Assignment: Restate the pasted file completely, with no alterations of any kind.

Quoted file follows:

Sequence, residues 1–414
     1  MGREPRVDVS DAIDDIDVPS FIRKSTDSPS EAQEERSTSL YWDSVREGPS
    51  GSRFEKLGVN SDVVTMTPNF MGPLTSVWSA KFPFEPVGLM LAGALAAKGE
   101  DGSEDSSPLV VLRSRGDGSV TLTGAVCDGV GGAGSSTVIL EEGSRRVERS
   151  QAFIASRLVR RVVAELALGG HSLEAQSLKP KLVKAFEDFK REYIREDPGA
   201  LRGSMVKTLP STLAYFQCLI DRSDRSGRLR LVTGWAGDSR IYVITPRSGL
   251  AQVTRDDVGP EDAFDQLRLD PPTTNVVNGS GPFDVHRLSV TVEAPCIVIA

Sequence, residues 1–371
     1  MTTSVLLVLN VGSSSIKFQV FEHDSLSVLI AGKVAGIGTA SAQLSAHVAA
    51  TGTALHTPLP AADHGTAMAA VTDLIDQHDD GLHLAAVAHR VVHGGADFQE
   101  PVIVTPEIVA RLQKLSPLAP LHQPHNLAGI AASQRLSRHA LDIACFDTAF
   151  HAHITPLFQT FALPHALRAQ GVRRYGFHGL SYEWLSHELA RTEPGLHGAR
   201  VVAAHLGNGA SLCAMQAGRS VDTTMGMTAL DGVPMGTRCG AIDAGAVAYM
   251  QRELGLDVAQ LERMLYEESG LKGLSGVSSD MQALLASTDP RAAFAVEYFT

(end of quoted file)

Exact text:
Sequence, residues 1–414
     1  MGREPRVDVS DAIDDIDVPS FIRKSTDSPS EAQEERSTSL YWDSVREGPS
    51  GSRFEKLGVN SDVVTMTPNF MGPLTSVWSA KFPFEPVGLM LAGALAAKGE
   101  DGSEDSSPLV VLRSRGDGSV TLTGAVCDGV GGAGSSTVIL EEGSRRVERS
   151  QAFIASRLVR RVVAELALGG HSLEAQSLKP KLVKAFEDFK REYIREDPGA
   201  LRGSMVKTLP STLAYFQCLI DRSDRSGRLR LVTGWAGDSR IYVITPRSGL
   251  AQVTRDDVGP EDAFDQLRLD PPTTNVVNGS GPFDVHRLSV TVEAPCIVIA

Sequence, residues 1–371
     1  MTTSVLLVLN VGSSSIKFQV FEHDSLSVLI AGKVAGIGTA SAQLSAHVAA
    51  TGTALHTPLP AADHGTAMAA VTDLIDQHDD GLHLAAVAHR VVHGGADFQE
   101  PVIVTPEIVA RLQKLSPLAP LHQPHNLAGI AASQRLSRHA LDIACFDTAF
   151  HAHITPLFQT FALPHALRAQ GVRRYGFHGL SYEWLSHELA RTEPGLHGAR
   201  VVAAHLGNGA SLCAMQAGRS VDTTMGMTAL DGVPMGTRCG AIDAGAVAYM
   251  QRELGLDVAQ LERMLYEESG LKGLSGVSSD MQALLASTDP RAAFAVEYFT